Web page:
February 15, 1996

Swiss Introduce First Digital Bank Note


ZURICH, Switzerland -- The Swiss central bank has given the ordinary cash-paying Swiss the first of a new series of bank notes so technologically advanced that it has become a Swiss parlor game to spot the more than 20 anti-counterfeiting features.

The 50-franc bill is the world's first digital bank note -- designed on a computer that resolves its design into 2.5 billion points, each of them individually accessible electronically. There is a raised triangle at one end to assist the blind and a number of official seals and figures that dance around on the face of the note like holograms.

Because studies showed that the currency is mostly passed by people who are standing, its design is largely vertical like other Swiss notes, instead of horizontal like the American dollar.

If the U.S. Bureau of Engraving and Printing, which begins issuing a fresh series of American notes later this year, starting with a new $100 bill, has produced a jeep -- a kind of a tough, all-terrain monetary vehicle -- the Swiss have produced the Rolls-Royce of currencies.

Both their note and the new American $100 bill feature a numeral in variable color ink that will veer from green to black when tilted, and fine line print that yields a blur when photocopied.

In part, the Swiss series is intended to thwart the threat of forgery from color photocopying -- though the Swiss franc is rarely counterfeited.

Perhaps that is why the designer, Jorg Zintzmeyer, was chosen. He specializes in creating corporate images for clients like International Business Machines and BMW. Bank notes are interesting, he said, savoring the feel of the new bill, "because they are a medium by which the identity of a nation comes to bear."

The new Swiss notes will feature figures from cultural life -- artists, musicians, architects, writers -- selected in part to emphasize their international influence, but also to remind the nation that they were, in fact, Swiss.

Sophie Taeuber-Arp, a Dadaist and a pioneer of abstract art who is on the 50-franc note, worked mainly in France, dying here in Zurich in 1943, shortly before her 54th birthday. Charles-Edouard Jeanneret, the architect on the 10-franc note better known as Le Corbusier, is often taken for French, and Alberto Giacometti, the sculptor on the 100-franc bill, for an Italian.

The technology of the bank notes also comments on Swiss thoroughness. Zintzmeyer, whose first proposal prevailed over 16 other designs submitted to the central bank, wanted his currency notes to be both esthetically interesting and "technologically at the forefront."

Working with computer experts at his design firm, Zintzmeyer & Lux, and at the venerable Zurich printers Orell Fussli Graphic Arts Ltd., he created the digital note. "My philosophy is that the bank note's security must be obvious to everyone," he said.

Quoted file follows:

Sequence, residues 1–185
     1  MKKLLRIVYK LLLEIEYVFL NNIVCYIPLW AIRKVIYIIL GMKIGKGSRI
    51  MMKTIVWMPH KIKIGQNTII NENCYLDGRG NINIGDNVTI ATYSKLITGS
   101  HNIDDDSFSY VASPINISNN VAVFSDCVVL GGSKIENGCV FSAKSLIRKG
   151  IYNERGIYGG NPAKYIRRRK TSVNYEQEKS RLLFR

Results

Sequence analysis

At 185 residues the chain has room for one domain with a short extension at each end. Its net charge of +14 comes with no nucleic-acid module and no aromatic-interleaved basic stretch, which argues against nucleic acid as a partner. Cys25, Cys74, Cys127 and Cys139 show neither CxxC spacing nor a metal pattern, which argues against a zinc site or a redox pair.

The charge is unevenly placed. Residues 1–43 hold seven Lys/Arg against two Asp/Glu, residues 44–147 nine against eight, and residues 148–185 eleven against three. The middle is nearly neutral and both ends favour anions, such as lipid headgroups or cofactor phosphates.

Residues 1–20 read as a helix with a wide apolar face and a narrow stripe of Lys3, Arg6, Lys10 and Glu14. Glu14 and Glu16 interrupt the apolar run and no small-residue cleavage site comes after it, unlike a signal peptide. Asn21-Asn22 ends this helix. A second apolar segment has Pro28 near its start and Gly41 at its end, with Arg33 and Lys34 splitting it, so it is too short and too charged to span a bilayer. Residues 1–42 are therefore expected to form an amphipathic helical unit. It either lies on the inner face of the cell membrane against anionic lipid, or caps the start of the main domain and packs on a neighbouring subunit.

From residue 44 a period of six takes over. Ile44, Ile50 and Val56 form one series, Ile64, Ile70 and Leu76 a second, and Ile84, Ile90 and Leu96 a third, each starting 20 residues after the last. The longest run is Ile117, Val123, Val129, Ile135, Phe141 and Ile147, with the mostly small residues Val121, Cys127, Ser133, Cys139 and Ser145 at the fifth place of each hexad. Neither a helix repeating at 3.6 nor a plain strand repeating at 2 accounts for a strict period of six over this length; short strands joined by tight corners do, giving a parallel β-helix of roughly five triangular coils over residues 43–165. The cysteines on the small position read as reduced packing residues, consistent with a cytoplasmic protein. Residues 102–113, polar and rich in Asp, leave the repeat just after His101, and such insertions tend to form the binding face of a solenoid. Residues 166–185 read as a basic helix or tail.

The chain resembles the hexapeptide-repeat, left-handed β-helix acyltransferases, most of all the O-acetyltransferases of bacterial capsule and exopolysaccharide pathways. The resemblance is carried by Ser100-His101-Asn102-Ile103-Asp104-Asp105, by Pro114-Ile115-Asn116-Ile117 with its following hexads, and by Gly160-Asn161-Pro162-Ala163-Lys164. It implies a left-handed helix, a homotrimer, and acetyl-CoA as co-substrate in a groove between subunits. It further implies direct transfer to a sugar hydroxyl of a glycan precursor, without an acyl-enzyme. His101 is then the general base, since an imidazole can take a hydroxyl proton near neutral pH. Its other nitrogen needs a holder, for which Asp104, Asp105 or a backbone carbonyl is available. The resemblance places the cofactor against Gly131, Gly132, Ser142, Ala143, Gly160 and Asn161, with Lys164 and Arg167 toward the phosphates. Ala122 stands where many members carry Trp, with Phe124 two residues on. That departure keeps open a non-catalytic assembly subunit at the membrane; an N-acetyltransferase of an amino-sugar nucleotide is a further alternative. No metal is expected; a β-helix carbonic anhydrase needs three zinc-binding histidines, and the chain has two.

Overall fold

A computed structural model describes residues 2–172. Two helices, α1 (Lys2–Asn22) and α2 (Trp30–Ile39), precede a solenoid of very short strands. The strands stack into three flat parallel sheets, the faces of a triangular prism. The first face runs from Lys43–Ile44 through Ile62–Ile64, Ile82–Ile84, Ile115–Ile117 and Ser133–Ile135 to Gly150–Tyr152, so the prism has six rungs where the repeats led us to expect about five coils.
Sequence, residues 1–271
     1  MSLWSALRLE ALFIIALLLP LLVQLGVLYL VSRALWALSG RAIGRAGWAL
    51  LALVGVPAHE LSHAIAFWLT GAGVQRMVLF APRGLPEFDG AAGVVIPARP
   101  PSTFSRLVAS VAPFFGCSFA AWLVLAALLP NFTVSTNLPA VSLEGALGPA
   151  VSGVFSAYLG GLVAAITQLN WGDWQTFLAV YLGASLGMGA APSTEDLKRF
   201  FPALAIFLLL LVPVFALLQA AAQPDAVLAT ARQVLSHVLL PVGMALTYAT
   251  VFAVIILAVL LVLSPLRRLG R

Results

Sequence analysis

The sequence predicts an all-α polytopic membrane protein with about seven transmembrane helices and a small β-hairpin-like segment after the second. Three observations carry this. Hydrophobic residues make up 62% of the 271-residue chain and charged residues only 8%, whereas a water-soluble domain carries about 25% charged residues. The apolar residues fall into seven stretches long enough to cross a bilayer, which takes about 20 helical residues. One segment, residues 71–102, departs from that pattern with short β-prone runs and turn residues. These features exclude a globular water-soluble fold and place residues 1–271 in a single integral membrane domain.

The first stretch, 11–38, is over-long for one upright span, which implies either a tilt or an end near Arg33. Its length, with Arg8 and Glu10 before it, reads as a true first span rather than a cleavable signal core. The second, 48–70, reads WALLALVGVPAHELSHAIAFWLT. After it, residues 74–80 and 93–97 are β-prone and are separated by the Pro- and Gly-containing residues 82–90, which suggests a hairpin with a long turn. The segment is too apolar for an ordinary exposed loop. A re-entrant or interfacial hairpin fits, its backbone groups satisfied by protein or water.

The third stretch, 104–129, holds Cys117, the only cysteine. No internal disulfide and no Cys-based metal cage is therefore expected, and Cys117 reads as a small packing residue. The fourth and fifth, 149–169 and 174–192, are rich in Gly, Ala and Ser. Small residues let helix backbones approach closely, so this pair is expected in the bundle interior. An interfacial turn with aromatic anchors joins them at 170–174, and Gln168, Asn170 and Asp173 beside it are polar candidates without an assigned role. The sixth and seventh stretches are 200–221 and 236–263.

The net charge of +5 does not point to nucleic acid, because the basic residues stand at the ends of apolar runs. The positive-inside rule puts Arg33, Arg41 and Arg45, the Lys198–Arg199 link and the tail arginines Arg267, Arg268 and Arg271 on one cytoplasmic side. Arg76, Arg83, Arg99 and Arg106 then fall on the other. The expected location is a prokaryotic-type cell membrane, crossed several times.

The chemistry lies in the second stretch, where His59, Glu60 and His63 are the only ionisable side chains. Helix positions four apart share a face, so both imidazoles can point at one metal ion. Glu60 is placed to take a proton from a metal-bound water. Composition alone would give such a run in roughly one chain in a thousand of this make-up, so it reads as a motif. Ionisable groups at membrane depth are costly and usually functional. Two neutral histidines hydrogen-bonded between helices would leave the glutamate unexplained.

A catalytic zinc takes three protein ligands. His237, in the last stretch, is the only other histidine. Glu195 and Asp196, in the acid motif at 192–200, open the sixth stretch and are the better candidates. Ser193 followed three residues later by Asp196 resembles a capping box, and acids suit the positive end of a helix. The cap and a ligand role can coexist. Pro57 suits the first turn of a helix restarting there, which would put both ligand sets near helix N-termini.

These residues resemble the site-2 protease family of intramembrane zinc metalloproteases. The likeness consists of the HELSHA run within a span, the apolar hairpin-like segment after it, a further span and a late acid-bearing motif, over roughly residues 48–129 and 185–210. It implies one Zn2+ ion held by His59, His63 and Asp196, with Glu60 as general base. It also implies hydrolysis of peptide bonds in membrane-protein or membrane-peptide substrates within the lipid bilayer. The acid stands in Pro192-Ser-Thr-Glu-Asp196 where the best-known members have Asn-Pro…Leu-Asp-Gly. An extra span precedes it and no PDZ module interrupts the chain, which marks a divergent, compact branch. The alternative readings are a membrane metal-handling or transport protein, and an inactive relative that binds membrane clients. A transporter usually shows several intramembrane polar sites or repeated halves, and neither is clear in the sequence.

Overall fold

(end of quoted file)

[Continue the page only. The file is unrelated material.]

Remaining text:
There are indeed more than 20 security features, though the precise number is a secret of the central bank.

Looking at the bill vertically, it is divided into seven fields and designated from top to bottom on the left-hand margin with the letters A to H. Down the left side and around a haunting greenish portrait of Taeuber-Arp, Zintzmeyer scattered the number 50. Tilt the bill, and the number magically appears and disappears in the upper left corner. Tilt again, and the number in the center of the bill jiggles left and right across tiny bars, as silvery as the Swiss cross and central bank logo just below. Farther down, a chameleon numeral printed with optically variable ink ranges, when tilted, from forest green to violet.

The numbers are not the only gimmicks. Even the sharp-eyed need a microscope and a smattering of Romansch, the dialect spoken in areas near Davos, Taeuber-Arp's birthplace, to read her biography in a thumbnail orange square on the rim of her wool cap.

"Most of those features have already been offered in one form or another," said Klaus Osch, Orell Fussli's chief executive, "but never was there such a collection." So fine is the engraving, he said, that the main portrait appeared blotched when reproduced by color copier.

The accuracy of the engraving is, at a tolerance four or five microns, "at the edge of what you can do." said Osch, whose company invested $66 million in 1994 to prepare for the new notes. They will be issued in stages through 1998.

Ten printing processes are involved, he said, including silk screening for the chameleon numerals and hot stamping for the silvery elements. In the end, the bills are covered with a fine protective lacquer to prevent de